On Multifaith Solidarity and Movement Building Among Asian Americans and Palestinians

by Rabbi Lynn Gottlieb

The proclamation of June 4 as Palestinian Cultural Day was initiated by the Buena Vista United Methodist Church in Alameda, California, in partnership with the Arab Community Cultural Center. This has been one component  of its active commitment to struggle for Palestinian human rights. This community has launched a series of research, education, and direct action projects, including a partnership with the West Bank village of Wadi Foquin and an oral history project with local Palestinian elders, in conjunction with Professor Rabab Abdulhadi and the Arab Muslim Ethnicities Diaspora (AMED) project at San Francisco State University.

Because of its ongoing relationships in the Palestinian community, Buena Vista United Methodist Church (BVUMC) approached Loubna Qutami, the executive director of the Arab Cultural and Community Center in San Francisco, with the idea of proposing the above proclamation and getting it passed by the Alameda County board of supervisors. Their collaboration was eventually successful. The first year, one member of the board of supervisors blocked the proclamation due to pressure from reactionary elements in the Jewish community, resulting in the first and only time the county had rejected a proclamation to honor one of the Bay Area’s immigrant communities. The proponents of the proclamation went through another round of conversations with county supervisors and received complete support the second time around.

At a luncheon to celebrate the passage of Palestinian Culture Day held at the church, Rev. Michael Yoshii, senior pastor of BVUMC, shared the remarkable history of the church, which shapes its unique perspective in support of Palestinian human rights. The church is well known as one of the outstanding social justice solidarity communities in the area with a wide range of concerns. Part of the philosophy of the church’s activism is an understanding that the current debate about Israel-Palestine (as in all issues of human rights) must be framed by the personal experiences of people most vulnerable to the oppression and violence. The BVUMC community understands this need due to its history.

Reverend Yoshii told the story of the church’s place in the history of Japanese American in the United States. In 1924, Congress passed the Anti-Asian Exclusion Act of 1924, which barred immigration from Japan and other Asian countries because of racist backlash against these communities. Originally founded as a mission church to the Japanese community in 1898, the current church building on Buena Vista Avenue was built in 1926 as a way of strengthening the community for those families choosing to establish roots in this country, even in a highly segregated time. Another shameful part of American history unfolded during World War Two. Executive Order 9066, issued February 19, 1942, mandated detention camps for Japanese Americans, and 120,000 people were removed from their homes and communities and relocated to ten camps across the country. The church on Alameda Boulevard stood empty four years, serving as a space to store the belongings of an entire community.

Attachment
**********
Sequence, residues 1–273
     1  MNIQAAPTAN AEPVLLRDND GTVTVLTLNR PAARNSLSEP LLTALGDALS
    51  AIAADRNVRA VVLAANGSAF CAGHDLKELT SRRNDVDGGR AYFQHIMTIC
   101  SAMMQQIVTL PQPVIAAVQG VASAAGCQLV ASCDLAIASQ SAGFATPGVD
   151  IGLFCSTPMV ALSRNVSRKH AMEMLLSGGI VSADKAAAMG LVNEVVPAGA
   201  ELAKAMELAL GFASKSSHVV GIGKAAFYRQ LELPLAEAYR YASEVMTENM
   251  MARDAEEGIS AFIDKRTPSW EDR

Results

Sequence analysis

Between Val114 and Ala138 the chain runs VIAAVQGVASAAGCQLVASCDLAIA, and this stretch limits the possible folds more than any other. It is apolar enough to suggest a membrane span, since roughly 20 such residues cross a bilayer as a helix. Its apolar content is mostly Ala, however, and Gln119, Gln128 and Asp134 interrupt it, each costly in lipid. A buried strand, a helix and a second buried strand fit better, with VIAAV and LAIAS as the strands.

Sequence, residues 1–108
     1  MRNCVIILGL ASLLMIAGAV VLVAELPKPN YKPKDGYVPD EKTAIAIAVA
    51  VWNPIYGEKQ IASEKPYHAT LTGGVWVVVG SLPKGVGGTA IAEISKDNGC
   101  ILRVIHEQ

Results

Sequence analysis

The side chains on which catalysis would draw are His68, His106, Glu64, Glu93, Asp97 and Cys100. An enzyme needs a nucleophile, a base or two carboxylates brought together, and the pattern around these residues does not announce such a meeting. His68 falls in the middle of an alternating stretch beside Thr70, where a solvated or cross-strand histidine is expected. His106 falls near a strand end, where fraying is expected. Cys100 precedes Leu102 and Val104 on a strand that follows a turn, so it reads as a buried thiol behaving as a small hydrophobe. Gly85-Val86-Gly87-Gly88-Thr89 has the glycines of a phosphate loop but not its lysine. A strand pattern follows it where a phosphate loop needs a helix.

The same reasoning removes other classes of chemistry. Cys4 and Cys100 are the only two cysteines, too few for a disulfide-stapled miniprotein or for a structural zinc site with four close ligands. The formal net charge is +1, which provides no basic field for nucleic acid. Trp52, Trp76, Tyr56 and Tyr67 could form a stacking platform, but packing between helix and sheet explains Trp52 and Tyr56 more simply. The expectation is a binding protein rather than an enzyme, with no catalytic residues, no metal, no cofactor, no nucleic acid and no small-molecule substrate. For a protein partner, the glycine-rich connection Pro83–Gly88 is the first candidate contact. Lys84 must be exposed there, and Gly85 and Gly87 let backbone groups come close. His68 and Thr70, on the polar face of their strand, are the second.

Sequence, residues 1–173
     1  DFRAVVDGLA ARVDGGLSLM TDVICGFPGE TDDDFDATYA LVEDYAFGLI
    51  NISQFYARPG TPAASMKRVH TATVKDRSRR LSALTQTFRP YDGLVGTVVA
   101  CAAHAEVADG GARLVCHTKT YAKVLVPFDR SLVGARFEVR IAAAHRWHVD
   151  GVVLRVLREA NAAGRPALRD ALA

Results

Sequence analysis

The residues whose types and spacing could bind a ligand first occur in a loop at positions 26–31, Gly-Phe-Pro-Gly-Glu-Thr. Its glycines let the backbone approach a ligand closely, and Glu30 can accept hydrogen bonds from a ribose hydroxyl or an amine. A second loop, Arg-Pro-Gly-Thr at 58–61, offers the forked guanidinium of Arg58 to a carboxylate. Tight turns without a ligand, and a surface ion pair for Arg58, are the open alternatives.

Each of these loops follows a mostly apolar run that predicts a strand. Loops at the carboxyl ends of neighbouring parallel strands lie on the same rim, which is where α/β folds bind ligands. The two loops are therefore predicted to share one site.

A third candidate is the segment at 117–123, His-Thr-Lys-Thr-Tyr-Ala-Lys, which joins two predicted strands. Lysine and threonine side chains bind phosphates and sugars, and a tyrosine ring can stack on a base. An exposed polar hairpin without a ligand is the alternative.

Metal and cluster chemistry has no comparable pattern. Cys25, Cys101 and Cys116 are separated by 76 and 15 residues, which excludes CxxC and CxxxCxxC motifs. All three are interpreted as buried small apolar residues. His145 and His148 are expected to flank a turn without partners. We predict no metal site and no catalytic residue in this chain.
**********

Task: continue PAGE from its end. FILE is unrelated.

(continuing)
The emotional trauma generated by that episode was still felt by the community for years. In 2000, the church was completing its 100th anniversary renovation project, and decided not to sand the wooden floor in the social hall. Instead, they chose to leave the scratches visible as a witness to the wounds and hardships faced by the community.

The Japanese-American community proactively sought redress for their injustice through the Redress and Reparations Campaign in the 1980s. In 1981, a Congressional Commission heard the stories of Japanese Americans in a variety of cities across the country. These stories were the first time in 40 years that members of the Japanese American community shared their truth with the American public. An official apology from the U.S. government and checks of $20,000 were issued to each surviving internee through the Civil Liberties Act passed on August 10, 1988.

As part of the apology three reasons were sited as the cause of the roundup and imprisonment of 120,000 people, two-thirds of whom were citizens of the United States, and one-third unnaturalized immigrants. Rev. Yoshii reiterated the reasons that led to the roundup and persecution of U.S. citizens during war time as a call to all of us to be aware of the social conditions in our current national environment that are similar to those that produced Executive Order 9066:

  1. War hysteria produced a collective mentality that made it acceptable to deny civil liberties to a wide section of society.
  2. A lack of political leadership allowed extremist policies to be implemented.
  3. Pre-existing racial prejudices which enabled mass support from the public who did not question the injustice of the roundups due to racist attitudes towards the Japanese.